In order to absorb a Michael Bay film in all of its glory, you really need to see it on the biggest screen possible. Especially when it comes to the Transformers franchise. Michael Bay is so entwined with the robots in disguise that, even though he has repeatedly insisted he is leaving the series, he has always been convinced to return for one more effort. The Last Knight is his fifth Transformers film, and once again Michael Bay is insisting that this is his last time overseeing the antics of Optimus Prime, Bumblebee, et al.
Just in case he really means it this time audiences will want to make sure that they watch Transformers: The Last Knight in the grandest and most captivating manner available. But does that mean seeing it in 3D? Well, in order to find out we have to ask the age old question of whether To 3D Or Not To 3D? You can read CinemaBlend's normal Transformers: The Last Knight review on the site. But if you want to know whether to splurge on 3D, you can take a gander below.
With its abundance of huge action set-pieces, robots transforming and then going to battle, and Michael Bay at the helm, Transformers: The Last Knight was always going to be ripe for the 3D treatment. But, at the same time, because of Michael Bay's speedy direction, and the sheer size and maneuvers of the Transformers themselves, there was always a good chance that the film could cause some strife to its viewers, too. But does The Last Knight manage to tow this line in a successful manner? Read on to find out.
There's no denying the fact that Michael Bay and his team of 3D aficionados worked long and hard on incorporating 3D into The Last Knight. Specific shots are clearly designed to fully exacerbate the 3D, and its use of both Beyond and, especially, Before The Window is exemplary. The 3D does dwindle, but for the opening half of the film, it is as full-on and over-the-top as you'd expect from Michael Bay. And that's thoroughly meant to be a compliment.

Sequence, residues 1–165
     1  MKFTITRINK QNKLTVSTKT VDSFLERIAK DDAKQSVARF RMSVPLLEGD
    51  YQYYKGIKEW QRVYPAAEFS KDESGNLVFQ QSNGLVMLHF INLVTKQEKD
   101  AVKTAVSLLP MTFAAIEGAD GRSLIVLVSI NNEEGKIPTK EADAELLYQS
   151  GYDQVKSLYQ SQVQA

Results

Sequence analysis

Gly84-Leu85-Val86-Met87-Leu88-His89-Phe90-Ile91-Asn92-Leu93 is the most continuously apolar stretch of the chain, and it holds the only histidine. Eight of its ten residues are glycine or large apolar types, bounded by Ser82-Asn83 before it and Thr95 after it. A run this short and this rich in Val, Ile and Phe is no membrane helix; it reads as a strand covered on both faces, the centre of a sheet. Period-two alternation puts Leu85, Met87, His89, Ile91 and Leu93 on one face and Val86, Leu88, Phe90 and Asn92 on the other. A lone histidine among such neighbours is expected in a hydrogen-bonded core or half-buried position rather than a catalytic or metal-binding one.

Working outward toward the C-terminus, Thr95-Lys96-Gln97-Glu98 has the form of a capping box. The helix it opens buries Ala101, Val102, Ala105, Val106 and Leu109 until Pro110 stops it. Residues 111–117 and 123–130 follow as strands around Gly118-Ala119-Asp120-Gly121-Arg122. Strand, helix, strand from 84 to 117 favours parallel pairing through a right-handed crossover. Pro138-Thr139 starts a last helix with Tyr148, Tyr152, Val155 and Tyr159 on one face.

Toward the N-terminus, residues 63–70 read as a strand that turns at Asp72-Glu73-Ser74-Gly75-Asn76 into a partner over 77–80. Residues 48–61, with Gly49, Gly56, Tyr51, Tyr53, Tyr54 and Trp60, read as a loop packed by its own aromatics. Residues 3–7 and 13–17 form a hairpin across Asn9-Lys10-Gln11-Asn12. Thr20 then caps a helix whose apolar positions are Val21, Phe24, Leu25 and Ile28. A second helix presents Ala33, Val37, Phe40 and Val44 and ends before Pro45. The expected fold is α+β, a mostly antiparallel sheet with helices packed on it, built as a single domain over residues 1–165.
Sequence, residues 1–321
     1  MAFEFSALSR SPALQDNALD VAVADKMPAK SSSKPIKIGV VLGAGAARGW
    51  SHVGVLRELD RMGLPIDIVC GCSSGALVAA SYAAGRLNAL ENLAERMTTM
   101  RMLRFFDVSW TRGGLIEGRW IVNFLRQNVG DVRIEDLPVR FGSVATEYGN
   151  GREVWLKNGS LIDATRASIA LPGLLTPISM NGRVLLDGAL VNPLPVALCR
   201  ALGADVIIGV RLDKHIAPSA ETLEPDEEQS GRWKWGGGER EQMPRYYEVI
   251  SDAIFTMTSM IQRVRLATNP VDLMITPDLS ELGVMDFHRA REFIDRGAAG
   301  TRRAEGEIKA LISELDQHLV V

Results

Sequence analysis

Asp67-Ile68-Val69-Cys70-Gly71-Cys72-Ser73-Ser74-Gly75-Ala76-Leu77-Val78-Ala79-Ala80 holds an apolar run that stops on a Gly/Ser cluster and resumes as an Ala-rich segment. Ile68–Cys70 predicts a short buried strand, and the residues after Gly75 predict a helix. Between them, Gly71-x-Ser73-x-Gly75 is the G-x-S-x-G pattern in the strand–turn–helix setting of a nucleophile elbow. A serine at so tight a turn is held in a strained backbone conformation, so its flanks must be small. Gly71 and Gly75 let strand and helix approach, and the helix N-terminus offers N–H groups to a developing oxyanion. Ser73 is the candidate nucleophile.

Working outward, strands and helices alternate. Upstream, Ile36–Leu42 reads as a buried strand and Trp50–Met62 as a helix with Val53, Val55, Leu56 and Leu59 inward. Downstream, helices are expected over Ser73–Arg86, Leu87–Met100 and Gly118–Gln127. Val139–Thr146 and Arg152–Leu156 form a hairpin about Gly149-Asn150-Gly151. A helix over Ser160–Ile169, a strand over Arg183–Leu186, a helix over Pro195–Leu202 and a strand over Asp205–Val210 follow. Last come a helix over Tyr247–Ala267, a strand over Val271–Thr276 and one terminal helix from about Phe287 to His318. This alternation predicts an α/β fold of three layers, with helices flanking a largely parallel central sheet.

There was always going to be plenty of opportunities for Michael Bay to fling various items at his audience, as it is well known that the director loves an explosion. Films of this ilk don't always take advantage of these opportunities, though. Thankfully, Transformers: The Last Knight does, and you get to see all kinds of implements and debris propelled out of the screen right towards your face. On a regular basis, too. Each time it occurs you're pulled closer and closer into the action sequences, and it makes The Last Knight even more bombastic.
While not quite as noticeable as the Before The Window, the Beyond The Window is ever-present throughout The Last Knight. This use of depth of field helps to increase the spectacle of the blockbuster, giving viewers a better look at its vast array of action sequences, which seemingly stretch as far as the eye can see. There's also one scene in particular, which sees Optimus Prime floating through space, that's especially sumptuous to watch. Then, when Michael Bay places the camera just right, the depth of field also helps to make the Transformers, Mark Wahlberg, and the rest of the humans look cool as funk, too. Like I said, it is not quite as noticeable as the Beyond The Window, but it is just as effective.
Like each of its predecessors, Transformers: The Last Knight isn't the brightest of films. There's plenty of grey, especially when it comes to the robots, while its action scenes take place in various dark settings, ranging from medieval times to underwater. But in amidst this darkness, The Last Knight is able to find some color, and as such the red and blue of Optimus Prime, the yellow of Bumblebee, and even Mark Wahlberg's tan all pop at points, and prove rather irresistible to the eye.
While you're usually encouraged to keep your glasses on when you're watching a 3D film, taking them off actually gives you an idea of how much effort has gone into incorporating the technology. The more blur the better, and during the height of Transformers: The Last Knight's action sequences, if you quickly peer above the rim of your glasses you'll see plenty of layers of 3D. Sometimes the image is nowhere near as blurred, making it look just like a 2D effort. However, that's only in dialogue heavy scenes, and when it matters the film's 3D delivers.
Transformers: The Last Knight really does deserve a hearty pat on the back for its mass amount of 3D. But at the same time my original fears that watching it through the spectrum of a Michael Bay film could lead to illness sadly proved to be right. At times, I suffered from eye-strain, so much so that I felt the need to take a rest and close them, while, come the end of the film, I even felt a little bit nauseous. But, considering that Michael Bay doesn't do things by halves, it feels about right that he has somehow turned watching Transformers: The Last Knight into such a rollicking experience that, after watching it, you feel like you have been on a rollercoaster.